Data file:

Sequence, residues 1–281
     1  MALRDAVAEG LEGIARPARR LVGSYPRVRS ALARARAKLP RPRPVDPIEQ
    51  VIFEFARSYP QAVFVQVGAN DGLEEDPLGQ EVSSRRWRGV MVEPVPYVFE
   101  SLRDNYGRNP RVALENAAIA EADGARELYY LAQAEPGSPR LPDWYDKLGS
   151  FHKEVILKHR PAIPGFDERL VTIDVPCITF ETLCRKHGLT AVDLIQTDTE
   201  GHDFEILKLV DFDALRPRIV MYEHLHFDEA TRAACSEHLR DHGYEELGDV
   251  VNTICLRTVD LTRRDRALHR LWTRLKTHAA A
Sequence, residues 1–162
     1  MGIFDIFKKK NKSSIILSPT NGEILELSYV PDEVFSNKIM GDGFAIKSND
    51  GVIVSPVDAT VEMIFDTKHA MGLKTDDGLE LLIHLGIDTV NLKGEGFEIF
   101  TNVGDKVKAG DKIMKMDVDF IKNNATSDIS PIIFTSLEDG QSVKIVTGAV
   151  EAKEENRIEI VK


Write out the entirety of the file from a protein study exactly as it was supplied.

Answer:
Sequence, residues 1–281
     1  MALRDAVAEG LEGIARPARR LVGSYPRVRS ALARARAKLP RPRPVDPIEQ
    51  VIFEFARSYP QAVFVQVGAN DGLEEDPLGQ EVSSRRWRGV MVEPVPYVFE
   101  SLRDNYGRNP RVALENAAIA EADGARELYY LAQAEPGSPR LPDWYDKLGS
   151  FHKEVILKHR PAIPGFDERL VTIDVPCITF ETLCRKHGLT AVDLIQTDTE
   201  GHDFEILKLV DFDALRPRIV MYEHLHFDEA TRAACSEHLR DHGYEELGDV
   251  VNTICLRTVD LTRRDRALHR LWTRLKTHAA A
Sequence, residues 1–162
     1  MGIFDIFKKK NKSSIILSPT NGEILELSYV PDEVFSNKIM GDGFAIKSND
    51  GVIVSPVDAT VEMIFDTKHA MGLKTDDGLE LLIHLGIDTV NLKGEGFEIF
   101  TNVGDKVKAG DKIMKMDVDF IKNNATSDIS PIIFTSLEDG QSVKIVTGAV
   151  EAKEENRIEI VK